Probiotic-Based Sanitation Reduces Hospital Infections Better Than Chlorine

A probiotic hygiene system resulted in a greater reduction of healthcare-associated infections and surface bacteria than chlorine-based cleansers, including a 66.6% reduction of C. difficile.

Elisabetta Caselli, PhD

Elisabetta Caselli, PhD

The Probiotic Cleaning Hygiene System (PCHS), a microbial-based decontamination strategy which is comprised of detergents that contain spores of Bacillus probiotics, is an effective and safe system for controlling contamination in the hospital setting and effectively reducing the risk of healthcare-associated infections (HAIs), according to a multicenter study published in PLoS One.

Additionally, the probiotic-based cleansing system demonstrated little to no impact on worsening the risk of antibiotic resistance, which is a common issue associated with chemical-based cleansers.

“HAI is a global concern, further worsened by the growing antibiotic-resistance of the associated microbes,” lead study author Elisabetta Caselli, PhD, of the University of Ferrara, told MD Magazine®. “The persistent contamination of the hospital environment contributes to such infections, and sanitation procedures used so far are not effective in controlling it and can further increase AMR (antimicrobial resistance). The studies on human microbiota have evidenced that, rather than eliminating all the microbes, it can be more advantageous and effective to replace ‘bad’ microbes with ‘good’ ones to preserve health and even to cure a disease.”

The investigators enrolled a total of 6 Italian hospitals with Internal Medicine departments that replaced a chlorine-based cleansing protocol with a PCHS sanitation program. Cleaning staff were trained on PCHS application standards. Patients, data extractors, and healthcare personnel were blinded to the cleansing system change.

Two study phases were included in the study: 1) a 6-month pre-PCHS period, and 2) a 6-month post-PCHS period. At minimum, a 2-month interval was allowed between the phases. The investigators compared the 2 phases in regard to the association of the PCHS strategy on HAI reduction in a total of 11,842 surveyed patients.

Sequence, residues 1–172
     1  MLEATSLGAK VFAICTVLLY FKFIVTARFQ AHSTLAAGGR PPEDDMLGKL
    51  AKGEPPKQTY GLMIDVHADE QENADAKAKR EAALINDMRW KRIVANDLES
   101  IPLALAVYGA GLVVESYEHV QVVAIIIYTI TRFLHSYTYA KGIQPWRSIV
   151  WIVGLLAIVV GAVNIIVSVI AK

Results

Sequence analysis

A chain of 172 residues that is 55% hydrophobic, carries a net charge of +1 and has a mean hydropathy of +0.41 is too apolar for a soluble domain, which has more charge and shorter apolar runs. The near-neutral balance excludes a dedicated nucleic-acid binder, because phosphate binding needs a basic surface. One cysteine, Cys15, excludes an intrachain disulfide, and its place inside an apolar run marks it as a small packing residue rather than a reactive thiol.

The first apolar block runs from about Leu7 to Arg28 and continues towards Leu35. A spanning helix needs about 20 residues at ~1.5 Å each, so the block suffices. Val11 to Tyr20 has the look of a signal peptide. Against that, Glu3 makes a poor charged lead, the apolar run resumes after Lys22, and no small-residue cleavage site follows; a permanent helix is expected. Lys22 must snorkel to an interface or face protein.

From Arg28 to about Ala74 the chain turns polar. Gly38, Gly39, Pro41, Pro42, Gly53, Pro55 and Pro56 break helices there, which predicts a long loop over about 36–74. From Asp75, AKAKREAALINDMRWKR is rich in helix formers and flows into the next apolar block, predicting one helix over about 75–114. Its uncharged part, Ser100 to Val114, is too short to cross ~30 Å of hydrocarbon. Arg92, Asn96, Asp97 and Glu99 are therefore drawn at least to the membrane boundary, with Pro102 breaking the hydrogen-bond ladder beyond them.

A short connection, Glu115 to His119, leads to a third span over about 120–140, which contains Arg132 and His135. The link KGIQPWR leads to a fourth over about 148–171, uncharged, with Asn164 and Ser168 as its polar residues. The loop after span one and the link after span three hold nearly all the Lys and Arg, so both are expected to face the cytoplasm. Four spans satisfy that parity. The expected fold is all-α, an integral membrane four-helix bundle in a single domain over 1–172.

Additionally, the researchers assessed both quantitative and qualitative characterization of hospital surface ‘bioburden’ in each surveyed area. Quantification of Staphylococcus spp., Enterobacteriaceae spp., Acinetobacter spp., Mycetes, Pseudomonas spp., Clostridium difficile, and total bacteria was performed. Floors, bed footboards, and sinks from randomized rooms were sampled for hospital surface microbiota each month, with a total of 24,875 environmental samples included in the final analysis.

A significant global reduction in HAI cumulative incidence was observed from pre- to post-PCHS implementation (4.8% vs 2.3%, respectively; odds ratio 0.44; 95% CI 0.35-0.54; P <.0001). Additionally, the use of a PCHS cleansing program in the 5 intervention hospitals resulted in a mean decrease of 83% (range 70—96.3%) in surface pathogens compared with the use of a conventional, chemical-based cleaning strategy (22,737 CFU/m2 to 4,632 CFU/m2; range 842-12,632 CFU/m2; P <.0001). By contrast, no differences were observed at the control hospital between the observation periods.

Researchers collected data on HAIs that occurred during the pre-PCHS and PCHS phases. The study reported a 66.6% decrease in C. difficile from 9 samples to just 3 samples in the PCHS phase.

Considering only median-risk Internal Medicine wards were included in this analysis, the findings may hold limited generalizability across other ward types or other health structures. An additional limitation of the study, according to Dr. Caselli, was related to the time required to obtain the stable abatement of environmental contamination “as the mechanism is based on competitive antagonism, and we are currently studying a biological approach to overcome this point.”

“The main clinical implications associated with our findings are related to the halved incidence of HAI observed in the hospitals when they were sanitized with the studied biological approach, such as PCHS and the probiotic cleaning hygiene system,” Dr. Caselli explained. “Since HAI are directly responsible for thousands of deaths every year, we think that this approach might be considered as a part of infection prevention strategies.”

The study, “Reducing healthcare-associated infections incidence by a probiotic-based sanitation system: A multicentre, prospective, intervention study,” was published in PloS One.

Related Videos
Victor Kim, MD: Addressing Comorbidities and Advancing COPD Care
Cedric Rutland, MD: Exploring Immunology's Role in Molecule Development
Panagis Galiatsatos, MD: Closing the Gap in Lung Cancer Screening
Panagis Galiatsatos, MD
Cedric Rutland, MD: Mechanisms Behind Immunology, Cellular Communication
Glenn S. Tillotson, PhD: Treating Immunocompromised Patients With RBX2660
Paul Feuerstadt, MD: Administering RBX2660 With a Colonoscopy
Related Content
© 2023 MJH Life Sciences

All rights reserved.